My hair is turning grey. Why? Because I not only write books, but have to concentrate on publicity. Publicity? Yeah, I know, it’s a bad word—but a necessary one. Maybe there are those in book-land who love book promotion. Let it be known up front that I’m not one of them. But, BUT, it is necessary! So as my latest novel, Riptide came out, I bit the bullet and formulated a plan.
Anyway, here is what I’ve done which I present with the thought that it might help other reluctant authors-promoters.
First I appealed for some reviewers and encouraged them to put reviews up on my publisher’s site (Pelican Book Group), on Amazon, Indigo, and Barnes and Noble. The results were not only encouraging, but astounding. People actually liked, even loved my book!
Of course, I’d already updated my web site and talked about the book on Facebook and twitter.
I wrote a persuasive one page description of the book which included facts, cost, availability, reviews, etc. Along with a picture of the cover, I sent this to my email list encouraging previous readers of my fiction to order the book. Orders began to trickle in.
Since my home church has been supportive, I approached the pastor about making the book available on a Sunday. Some churches are sensitive about selling on Sunday. But since our church allows the sale of missionary books and music videos from visiting presenters, the pastor was positive. With a notice in the bulletin for a couple of weeks, the sales on the Sunday in question were good.
Next I wrote a one page News Release and presented this in person to the offices of local papers. Ours is a rural county with several small towns and a very active arts and writers’ community. The papers readily accept news releases and often use them almost verbatim. In my case, one of the widest disseminated free papers printed a very positive article. I was astonished when three different people contacted me directly as a result of the article. This doesn’t often happen. I’m still waiting for two other papers to follow suit—especially when I approach them with specific dates for book readings, launches, and events.
Once one news article had circulated, it was time to approach local bookstores with whom I have maintained a relationship over the years. Fortunately, this personal approach paid dividends. All of the local bookstores have ordered copies from the distributor. Now I can direct inquiries to these stores. Even Indigo, Canada’s answer to Barnes & Noble, agreed to list it on their sites due to my relationship with some of their store managers. It is also available on Kindle, Kobo, and other e-readers.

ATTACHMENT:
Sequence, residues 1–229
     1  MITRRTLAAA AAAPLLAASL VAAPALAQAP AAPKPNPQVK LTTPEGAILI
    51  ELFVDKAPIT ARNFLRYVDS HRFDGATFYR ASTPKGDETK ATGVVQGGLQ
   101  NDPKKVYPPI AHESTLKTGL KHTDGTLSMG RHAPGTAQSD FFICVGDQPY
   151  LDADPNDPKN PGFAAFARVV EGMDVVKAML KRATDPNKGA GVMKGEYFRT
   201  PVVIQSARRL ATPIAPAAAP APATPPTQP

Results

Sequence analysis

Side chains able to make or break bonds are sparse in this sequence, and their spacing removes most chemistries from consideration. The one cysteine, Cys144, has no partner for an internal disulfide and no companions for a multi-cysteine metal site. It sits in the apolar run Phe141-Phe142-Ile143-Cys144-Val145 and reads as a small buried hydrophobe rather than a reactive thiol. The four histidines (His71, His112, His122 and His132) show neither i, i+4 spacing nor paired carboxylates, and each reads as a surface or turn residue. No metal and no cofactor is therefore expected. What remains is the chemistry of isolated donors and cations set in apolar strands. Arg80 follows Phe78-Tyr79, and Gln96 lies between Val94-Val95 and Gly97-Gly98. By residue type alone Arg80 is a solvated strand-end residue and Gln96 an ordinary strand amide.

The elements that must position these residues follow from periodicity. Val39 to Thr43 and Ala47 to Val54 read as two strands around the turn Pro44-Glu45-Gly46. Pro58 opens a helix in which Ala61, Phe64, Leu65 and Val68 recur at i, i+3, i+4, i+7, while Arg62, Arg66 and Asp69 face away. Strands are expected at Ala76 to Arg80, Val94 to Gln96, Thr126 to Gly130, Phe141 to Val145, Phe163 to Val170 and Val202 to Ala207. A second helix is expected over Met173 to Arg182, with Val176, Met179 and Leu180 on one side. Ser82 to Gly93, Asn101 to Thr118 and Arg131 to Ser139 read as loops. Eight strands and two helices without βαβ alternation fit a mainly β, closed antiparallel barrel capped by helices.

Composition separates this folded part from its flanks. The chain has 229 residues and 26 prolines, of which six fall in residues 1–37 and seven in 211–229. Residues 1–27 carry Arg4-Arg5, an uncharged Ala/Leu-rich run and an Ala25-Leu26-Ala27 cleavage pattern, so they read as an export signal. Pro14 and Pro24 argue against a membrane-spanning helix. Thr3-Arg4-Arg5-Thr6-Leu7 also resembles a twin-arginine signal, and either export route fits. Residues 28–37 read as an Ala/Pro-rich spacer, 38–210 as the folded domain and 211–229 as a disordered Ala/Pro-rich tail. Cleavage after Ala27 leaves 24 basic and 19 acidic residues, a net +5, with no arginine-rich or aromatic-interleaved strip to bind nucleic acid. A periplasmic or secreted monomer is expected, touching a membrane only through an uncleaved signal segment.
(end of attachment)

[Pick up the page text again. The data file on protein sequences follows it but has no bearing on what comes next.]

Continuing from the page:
The article also generated interest from libraries. So I took the time to personally approach the CEO of each of our local libraries with the suggestion they purchase copies. Most of them eagerly did so, purchasing copies directly from me. In each case, I offered to either run or participate in a literary evening of readings and discussion. So far, our nearest library has reciprocated and scheduled an evening centred on reading from my three novels and discussion of the role of setting in fiction.
The summer is a great time to participate in fairs, arts and craft shows, and farmers’ markets. Most years I set up a table every Saturday at whatever event is taking place. Each of these cost money necessitating the pondering of whether or not sales will cover the cost of a booth. This year, due to some health problems, I’ve not been able to do this as often as I would like.
These same challenges have made it difficult to schedule a book launch evening at a local coffee shop, but this is being planned. A book launch where coffee and pastries are available is a great place to invite friends and writing colleagues. Usually, a couple of local authors get together to launch their books, give readings, and answer questions.
The period leading up to Christmas is an especially fruitful time to set up a book table at local fairs and Christmas craft shows. People come to these looking for gifts and what better gift could they buy than a book?
I’ve also found large bookstores welcome me as a local author offering to sign books during periods that lead up to Mother’s Day, Father’s Day or Christmas. These stores, however, need to know far in advance as their schedules are often full and they need to order books from a distributer.
Finally, service clubs and churches provide one of the most fulfilling venues to speak at as a writer. This is especially true if you have a book of local interest or can gear your talk to something that intrigues or educates an audience. Writers of non-fiction, particularly, have a ready-made topic on which they can speak. My book, Through A Country Window, describes the joys of country life in a general way but also focuses on fascinating facts about our area of the country. Concerning my book, Church–No Spectator Sport, I often speak about the discovery and development of spiritual gifts. From my book, Revolutionary Forgiveness, I can address many questions about how to deal with bitterness, unforgiveness, etc. I find that people are also fascinated by the whole idea of writing a book of fiction. How did you become a writer? Where do you get your ideas from? How do you get published? What advice do you have for new writers?
While we who are authors may not be ideal promoters, any effort we can expend will be yield sales and make our books known. With thousands upon thousands of titles entering the book business every year, we must do whatever we can to promote our book, unless we want it to sink into oblivion. (http://www.countrywindow.ca)